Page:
New for this project update! WOO! I signed with Red Sofa Literary to represent a worldbuilding book I wrote.

  • Worldbuilding Book – I’m working with my agent to hone my pitches for interested publishers. Pretty excited about this!
  • For Exposure: The Life and Times of a Small Press Publisher – A book of essays written by Jason Sizemore, the publisher for Apex Book Company as part of the company’s 10 year celebration. I have written a satirical essay which is titled “The Case of the Mysterious Splatter.” It has footnotes. Many, many footnotes. It’s now available.
  • The Gorramn Shiniest Dictionary in the ‘Verse – This language guide for the Firefly TV show will be out this Spring from Titan Books. You can pre-order it now. Awesome!

That sums up the new releases and a few projects that are in progress for me. Back to the grind!

My Geek*Kon Schedule

Geek Kon

I’ll be a guest at Geek*Kon this weekend. Here’s my fabulous schedule! You’ll hear more about my upcoming book, The Gorramn Shiniest Language Guide and Dictionary in the ‘Verse, and other stories in the pipe.

Friday, August 21
7:00 to 7:50 – Spooky Scary Awesome Action
8:00 to 10:00 – Gaming with the Guests

Saturday, August 22
1:00 to 1:50 – The Shiniest Things in the Gorramn ‘Verse
3:00 to 3:50 – Fiction Writing 101 – Mendota
5:00 to 5:50 – Vampires in Fiction – Green Bay/Milwaukee

Sunday, August 23
1:30 to 2:50 – Build-a-World Game Show

Mo*Con and Writing the Other

Galactic Starry Space

Mo*Con is a gathering of writers and fans in Indianapolis that’s put together by my friend Maurice Broaddus. This year’s theme was writing the other. I had a wonderful time and was anxious to have the discussion about writing the other, because it directly impacts my original work. You see, this has always been important to me for many reasons, and I’ve struggled with the conversations that have been happening on the internet. There’s a lot of anger, hurt feelings, and strong opinions that come from many different perspectives in circulation, and few solutions. There are people who believe that I (meaning writers who share a similar background to myself), can’t and shouldn’t write characters who hail from different ethnic heritages or cultures. There are folks who think that I should step back, and just let a person of color write the story I want to write, and take a safer route.

I’ve heard a lot of arguments against writing the other. Too many. It’s forced me to freeze up on occasion, because what if I get it wrong. What if I piss somebody off. What if… And that anxiety that I have comes from a very personal, very challenging set of experiences that I have with the subject in general. Experiences that spur me to write about all different kinds of people, to spend the time on research and reading, to read and continue reading unique perspectives in storytelling, to pore through lots and lots of history books. Though all that may be true? None of that means anything because the most important thing — in fact the ONLY THING — that matters is how the other is reflected in the stories I write. All the research in the world doesn’t mean crap unless I’m applying that and, in the absence of telling stories, that’s what I do. Obsess and research and obsess some more.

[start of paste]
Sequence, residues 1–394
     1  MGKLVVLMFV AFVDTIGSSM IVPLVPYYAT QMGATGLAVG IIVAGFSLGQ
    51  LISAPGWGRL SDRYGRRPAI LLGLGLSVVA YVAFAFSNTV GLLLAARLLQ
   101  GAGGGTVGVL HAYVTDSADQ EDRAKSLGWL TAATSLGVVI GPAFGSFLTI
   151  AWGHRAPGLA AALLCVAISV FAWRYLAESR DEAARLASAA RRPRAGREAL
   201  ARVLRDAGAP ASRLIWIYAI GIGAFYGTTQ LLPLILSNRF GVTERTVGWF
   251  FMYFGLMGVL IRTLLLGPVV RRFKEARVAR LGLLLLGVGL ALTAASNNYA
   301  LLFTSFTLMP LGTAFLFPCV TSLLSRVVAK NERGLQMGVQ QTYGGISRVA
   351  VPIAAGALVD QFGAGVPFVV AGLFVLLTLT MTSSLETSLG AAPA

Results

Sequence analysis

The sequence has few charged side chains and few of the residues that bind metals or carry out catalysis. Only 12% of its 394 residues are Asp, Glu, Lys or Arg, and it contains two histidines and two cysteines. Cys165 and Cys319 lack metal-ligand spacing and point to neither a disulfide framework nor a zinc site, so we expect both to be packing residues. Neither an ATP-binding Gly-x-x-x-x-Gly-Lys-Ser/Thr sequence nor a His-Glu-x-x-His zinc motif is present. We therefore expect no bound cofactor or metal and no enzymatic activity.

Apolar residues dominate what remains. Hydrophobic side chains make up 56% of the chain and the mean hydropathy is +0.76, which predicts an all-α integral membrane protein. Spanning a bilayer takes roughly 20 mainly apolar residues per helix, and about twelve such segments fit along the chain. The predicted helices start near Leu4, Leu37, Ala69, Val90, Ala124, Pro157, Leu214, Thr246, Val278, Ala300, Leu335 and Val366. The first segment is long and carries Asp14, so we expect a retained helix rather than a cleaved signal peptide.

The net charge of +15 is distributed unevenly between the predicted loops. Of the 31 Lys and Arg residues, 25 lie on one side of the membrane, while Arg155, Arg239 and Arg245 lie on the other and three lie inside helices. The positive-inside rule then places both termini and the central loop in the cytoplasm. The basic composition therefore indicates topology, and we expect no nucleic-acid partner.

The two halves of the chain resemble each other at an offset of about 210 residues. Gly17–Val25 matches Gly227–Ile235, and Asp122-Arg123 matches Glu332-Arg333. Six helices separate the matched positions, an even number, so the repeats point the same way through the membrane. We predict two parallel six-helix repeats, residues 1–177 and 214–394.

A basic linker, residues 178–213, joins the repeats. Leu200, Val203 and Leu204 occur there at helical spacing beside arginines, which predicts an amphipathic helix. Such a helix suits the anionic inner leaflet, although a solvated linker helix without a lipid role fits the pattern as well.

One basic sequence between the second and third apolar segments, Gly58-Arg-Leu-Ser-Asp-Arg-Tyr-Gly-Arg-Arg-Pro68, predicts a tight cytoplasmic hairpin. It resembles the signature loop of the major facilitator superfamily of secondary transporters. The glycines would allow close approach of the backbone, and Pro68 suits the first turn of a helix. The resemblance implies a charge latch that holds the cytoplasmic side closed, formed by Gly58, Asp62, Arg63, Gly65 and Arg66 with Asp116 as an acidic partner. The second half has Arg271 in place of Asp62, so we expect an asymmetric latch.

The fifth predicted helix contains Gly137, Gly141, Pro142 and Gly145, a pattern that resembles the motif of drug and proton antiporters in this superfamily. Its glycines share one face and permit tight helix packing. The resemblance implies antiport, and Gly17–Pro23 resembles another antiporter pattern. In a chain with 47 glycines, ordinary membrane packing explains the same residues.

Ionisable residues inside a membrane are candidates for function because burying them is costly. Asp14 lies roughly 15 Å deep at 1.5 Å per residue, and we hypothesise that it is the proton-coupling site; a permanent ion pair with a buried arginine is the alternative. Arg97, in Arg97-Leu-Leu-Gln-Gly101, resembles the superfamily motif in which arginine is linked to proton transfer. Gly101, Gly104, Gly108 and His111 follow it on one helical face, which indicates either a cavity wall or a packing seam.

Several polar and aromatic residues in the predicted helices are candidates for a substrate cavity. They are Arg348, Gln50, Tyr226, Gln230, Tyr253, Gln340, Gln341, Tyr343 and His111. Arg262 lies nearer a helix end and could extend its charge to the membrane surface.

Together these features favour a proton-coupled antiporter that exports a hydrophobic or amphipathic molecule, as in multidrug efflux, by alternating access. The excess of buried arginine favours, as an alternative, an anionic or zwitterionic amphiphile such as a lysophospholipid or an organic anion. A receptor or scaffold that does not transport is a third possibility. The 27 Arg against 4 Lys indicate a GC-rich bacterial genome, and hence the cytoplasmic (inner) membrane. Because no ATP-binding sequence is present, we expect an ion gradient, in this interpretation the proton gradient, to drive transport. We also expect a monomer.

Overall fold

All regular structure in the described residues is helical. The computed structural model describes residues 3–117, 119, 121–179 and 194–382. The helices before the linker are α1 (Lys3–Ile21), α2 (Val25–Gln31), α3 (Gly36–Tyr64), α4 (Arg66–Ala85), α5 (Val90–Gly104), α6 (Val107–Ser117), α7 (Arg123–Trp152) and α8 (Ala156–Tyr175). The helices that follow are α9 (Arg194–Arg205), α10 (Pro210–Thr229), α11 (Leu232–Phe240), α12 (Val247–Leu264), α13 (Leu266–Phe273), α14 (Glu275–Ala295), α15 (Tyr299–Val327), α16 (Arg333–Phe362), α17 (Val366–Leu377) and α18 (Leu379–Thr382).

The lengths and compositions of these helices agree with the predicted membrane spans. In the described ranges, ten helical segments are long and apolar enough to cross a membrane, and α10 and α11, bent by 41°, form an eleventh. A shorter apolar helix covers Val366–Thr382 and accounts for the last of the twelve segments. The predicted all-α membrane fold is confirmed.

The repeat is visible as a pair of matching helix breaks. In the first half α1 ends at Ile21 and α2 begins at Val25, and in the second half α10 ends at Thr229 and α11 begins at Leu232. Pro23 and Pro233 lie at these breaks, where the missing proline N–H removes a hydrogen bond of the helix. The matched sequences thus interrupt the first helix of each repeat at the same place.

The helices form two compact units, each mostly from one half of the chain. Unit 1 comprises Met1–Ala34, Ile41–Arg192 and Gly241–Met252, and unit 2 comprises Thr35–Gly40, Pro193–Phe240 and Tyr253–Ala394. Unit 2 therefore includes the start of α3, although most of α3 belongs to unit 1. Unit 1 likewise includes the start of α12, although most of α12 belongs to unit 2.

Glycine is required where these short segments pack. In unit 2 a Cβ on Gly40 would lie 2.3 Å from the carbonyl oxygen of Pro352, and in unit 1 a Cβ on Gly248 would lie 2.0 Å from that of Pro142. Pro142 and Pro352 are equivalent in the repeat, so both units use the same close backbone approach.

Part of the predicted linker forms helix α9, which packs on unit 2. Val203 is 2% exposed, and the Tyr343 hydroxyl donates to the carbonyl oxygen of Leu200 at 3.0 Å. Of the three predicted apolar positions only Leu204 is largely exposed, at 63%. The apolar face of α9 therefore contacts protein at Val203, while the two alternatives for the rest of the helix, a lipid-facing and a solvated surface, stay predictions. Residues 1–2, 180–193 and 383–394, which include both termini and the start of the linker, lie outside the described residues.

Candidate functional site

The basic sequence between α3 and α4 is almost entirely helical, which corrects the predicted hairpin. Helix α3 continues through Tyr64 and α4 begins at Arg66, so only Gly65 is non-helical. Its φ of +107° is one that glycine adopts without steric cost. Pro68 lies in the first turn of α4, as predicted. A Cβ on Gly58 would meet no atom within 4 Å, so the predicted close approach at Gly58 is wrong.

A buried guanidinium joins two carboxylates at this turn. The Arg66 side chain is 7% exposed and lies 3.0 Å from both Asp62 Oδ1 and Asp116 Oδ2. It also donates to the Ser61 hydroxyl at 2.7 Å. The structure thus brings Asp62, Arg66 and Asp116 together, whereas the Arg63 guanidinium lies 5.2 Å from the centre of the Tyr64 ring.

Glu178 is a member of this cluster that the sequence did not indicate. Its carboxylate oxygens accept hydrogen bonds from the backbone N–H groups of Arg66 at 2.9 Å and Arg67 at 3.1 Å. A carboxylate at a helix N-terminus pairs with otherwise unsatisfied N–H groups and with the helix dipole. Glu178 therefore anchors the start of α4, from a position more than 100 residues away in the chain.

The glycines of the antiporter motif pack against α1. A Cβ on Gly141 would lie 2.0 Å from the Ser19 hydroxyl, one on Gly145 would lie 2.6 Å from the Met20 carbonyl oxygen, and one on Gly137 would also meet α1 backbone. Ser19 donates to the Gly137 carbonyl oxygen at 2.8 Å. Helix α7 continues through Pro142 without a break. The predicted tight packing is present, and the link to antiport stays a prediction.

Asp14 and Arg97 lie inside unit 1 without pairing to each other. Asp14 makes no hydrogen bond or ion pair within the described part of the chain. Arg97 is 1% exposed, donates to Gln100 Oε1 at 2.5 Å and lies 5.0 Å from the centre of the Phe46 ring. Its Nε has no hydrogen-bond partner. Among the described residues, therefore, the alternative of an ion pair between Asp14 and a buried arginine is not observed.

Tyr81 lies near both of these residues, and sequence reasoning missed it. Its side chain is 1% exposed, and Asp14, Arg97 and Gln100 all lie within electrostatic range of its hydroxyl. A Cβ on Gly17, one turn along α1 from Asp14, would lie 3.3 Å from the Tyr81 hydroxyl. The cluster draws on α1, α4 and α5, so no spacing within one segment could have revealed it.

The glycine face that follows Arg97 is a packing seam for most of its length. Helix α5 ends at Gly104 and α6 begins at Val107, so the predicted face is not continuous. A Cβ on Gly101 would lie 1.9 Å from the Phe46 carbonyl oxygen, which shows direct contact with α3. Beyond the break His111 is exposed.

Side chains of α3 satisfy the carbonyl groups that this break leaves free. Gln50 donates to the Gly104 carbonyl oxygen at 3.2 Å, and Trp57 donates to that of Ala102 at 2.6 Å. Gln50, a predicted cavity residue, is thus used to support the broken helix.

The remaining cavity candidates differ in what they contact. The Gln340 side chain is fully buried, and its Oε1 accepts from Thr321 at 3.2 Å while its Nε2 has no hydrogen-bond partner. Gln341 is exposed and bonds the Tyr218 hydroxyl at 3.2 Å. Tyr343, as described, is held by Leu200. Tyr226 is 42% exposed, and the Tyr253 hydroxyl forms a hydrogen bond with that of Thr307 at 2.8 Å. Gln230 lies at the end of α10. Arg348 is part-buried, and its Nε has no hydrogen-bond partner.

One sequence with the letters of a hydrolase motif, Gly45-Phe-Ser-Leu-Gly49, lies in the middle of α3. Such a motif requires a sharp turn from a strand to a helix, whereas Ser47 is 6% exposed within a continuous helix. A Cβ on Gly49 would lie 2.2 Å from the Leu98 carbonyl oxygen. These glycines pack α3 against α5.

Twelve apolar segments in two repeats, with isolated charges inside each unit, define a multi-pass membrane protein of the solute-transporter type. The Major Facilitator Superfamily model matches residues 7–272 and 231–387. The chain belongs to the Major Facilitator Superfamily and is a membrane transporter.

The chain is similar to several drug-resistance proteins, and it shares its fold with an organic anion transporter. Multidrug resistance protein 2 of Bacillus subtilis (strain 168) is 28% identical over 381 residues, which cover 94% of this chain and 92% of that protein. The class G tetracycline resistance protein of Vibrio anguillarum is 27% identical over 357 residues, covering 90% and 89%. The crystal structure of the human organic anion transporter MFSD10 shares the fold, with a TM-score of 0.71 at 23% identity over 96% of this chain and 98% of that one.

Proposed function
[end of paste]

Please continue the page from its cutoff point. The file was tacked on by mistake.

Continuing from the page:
What Mo*Con did for me, was to say: “Yes, write the other. But be considerate.” Okay, I’m pretty sure I have the considerate part down. “And, that includes thinking about your audience.” That little gem, which came from Chesya Burke, really nailed it for me. Who your audience is explains a LOT about the response. It isn’t just a story, mind, it’s a story that different people will identify with. This is what the internet has done. It’s highlighted that not all readers hail from the same demographic. If I am writing, and I picture my audience is mostly readers like myself, then I don’t have to worry necessarily about how an Italian-American woman will respond to a Jamaican character. I do, however, need to worry about how a Jamaican reader might react to seeing a character like her in my stories. To figure that out, it’s as simple as finding beta readers who can read those stories and tell me what I did right or wrong.

Avoiding stereotypes, to me, is just common sense because that’s the least I can do. But the idea that I shouldn’t write other and diverse characters because I don’t share someone’s cultural background is ludicrous. I am not afraid to write the other. I am afraid, however, to get it wrong — and guess what? I will. I will screw that up, just like I’ll screw something else up in my stories. Maybe I get a fact wrong or a translation or a character description. I’m not writing to be perfect, mind, I can never be that. Never. And I’m okay with that, really. I just don’t want to deeply offend anyone, but at the same time I’m not going out of my way to piss people off.

Having positive, supportive people around me does help, too, which is another reason I am deeply grateful for the Mo*Con experience. If anything, that’s quite possibly the most important thing to take away from this. It’s having the right people around me, to support my efforts and my writing, to not be so negative or dismissive. The internet can be a wondrous thing, but especially when it comes to topics like this? Comments (from both strangers and people you know) can introduce insecurity and more reasons not to write — and I think there’s quite enough of those, thank you. Instead, I seek reasons to say “YES!” starting with one story (and one reader) at a time.

    Mood: Blargh.
    Caffeinated Beverages Consumed: Um… Well, there was that one.
    Work-Out Minutes Logged Yesterday: Snoring.
    In My Ears: Noise-cancelling headphones are glorious.
    Game Last Played: Ninjas versus Zombies
    Book Last Read: A book I put down. It suxx0red.
    Movie Last Viewed: Nine
    Latest Artistic Project: Art classes. SON OF A BISCUIT! That reminds me…
    Latest Fiction/Comic Release: Last Man Zombie Standing
    Latest Game Release: Mortal Remains
    What I’m Working On: Primarily tie-in games work, original comics, short stories, and novels.